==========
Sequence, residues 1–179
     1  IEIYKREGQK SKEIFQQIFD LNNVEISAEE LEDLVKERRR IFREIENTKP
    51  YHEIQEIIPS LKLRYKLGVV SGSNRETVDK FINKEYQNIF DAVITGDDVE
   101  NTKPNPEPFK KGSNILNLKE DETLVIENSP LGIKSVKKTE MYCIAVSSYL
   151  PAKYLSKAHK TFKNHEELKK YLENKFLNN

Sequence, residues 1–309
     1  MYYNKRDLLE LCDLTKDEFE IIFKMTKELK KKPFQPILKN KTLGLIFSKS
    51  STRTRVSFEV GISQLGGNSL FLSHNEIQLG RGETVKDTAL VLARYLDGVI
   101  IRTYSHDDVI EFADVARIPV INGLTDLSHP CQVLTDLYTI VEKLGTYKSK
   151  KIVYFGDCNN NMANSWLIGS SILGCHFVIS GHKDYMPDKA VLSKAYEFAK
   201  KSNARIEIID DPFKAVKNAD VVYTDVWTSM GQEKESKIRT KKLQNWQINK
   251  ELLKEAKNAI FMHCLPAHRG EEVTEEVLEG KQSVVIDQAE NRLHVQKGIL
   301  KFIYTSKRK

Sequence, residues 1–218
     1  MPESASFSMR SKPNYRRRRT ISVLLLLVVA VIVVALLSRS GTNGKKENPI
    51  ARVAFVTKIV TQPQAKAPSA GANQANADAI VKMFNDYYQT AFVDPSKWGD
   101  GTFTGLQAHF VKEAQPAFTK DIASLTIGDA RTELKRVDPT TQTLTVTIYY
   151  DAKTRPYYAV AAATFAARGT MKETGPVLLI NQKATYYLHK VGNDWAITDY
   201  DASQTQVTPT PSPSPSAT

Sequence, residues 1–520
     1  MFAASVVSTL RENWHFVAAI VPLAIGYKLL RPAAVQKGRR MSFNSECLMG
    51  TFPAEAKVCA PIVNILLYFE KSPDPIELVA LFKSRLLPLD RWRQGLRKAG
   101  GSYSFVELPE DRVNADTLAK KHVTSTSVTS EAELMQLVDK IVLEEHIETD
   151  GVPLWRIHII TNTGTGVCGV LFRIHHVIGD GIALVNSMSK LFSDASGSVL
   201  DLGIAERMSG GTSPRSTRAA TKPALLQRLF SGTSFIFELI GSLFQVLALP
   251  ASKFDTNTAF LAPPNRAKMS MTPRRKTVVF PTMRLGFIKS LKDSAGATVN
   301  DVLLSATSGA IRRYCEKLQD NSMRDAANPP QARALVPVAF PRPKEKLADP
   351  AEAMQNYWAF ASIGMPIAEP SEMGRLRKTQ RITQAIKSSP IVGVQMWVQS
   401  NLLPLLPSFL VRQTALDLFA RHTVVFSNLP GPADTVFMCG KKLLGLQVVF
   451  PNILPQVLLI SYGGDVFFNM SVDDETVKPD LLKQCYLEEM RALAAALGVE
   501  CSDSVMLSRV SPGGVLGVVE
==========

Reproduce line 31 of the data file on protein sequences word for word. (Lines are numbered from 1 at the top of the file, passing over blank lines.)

   501  CSDSVMLSRV SPGGVLGVVE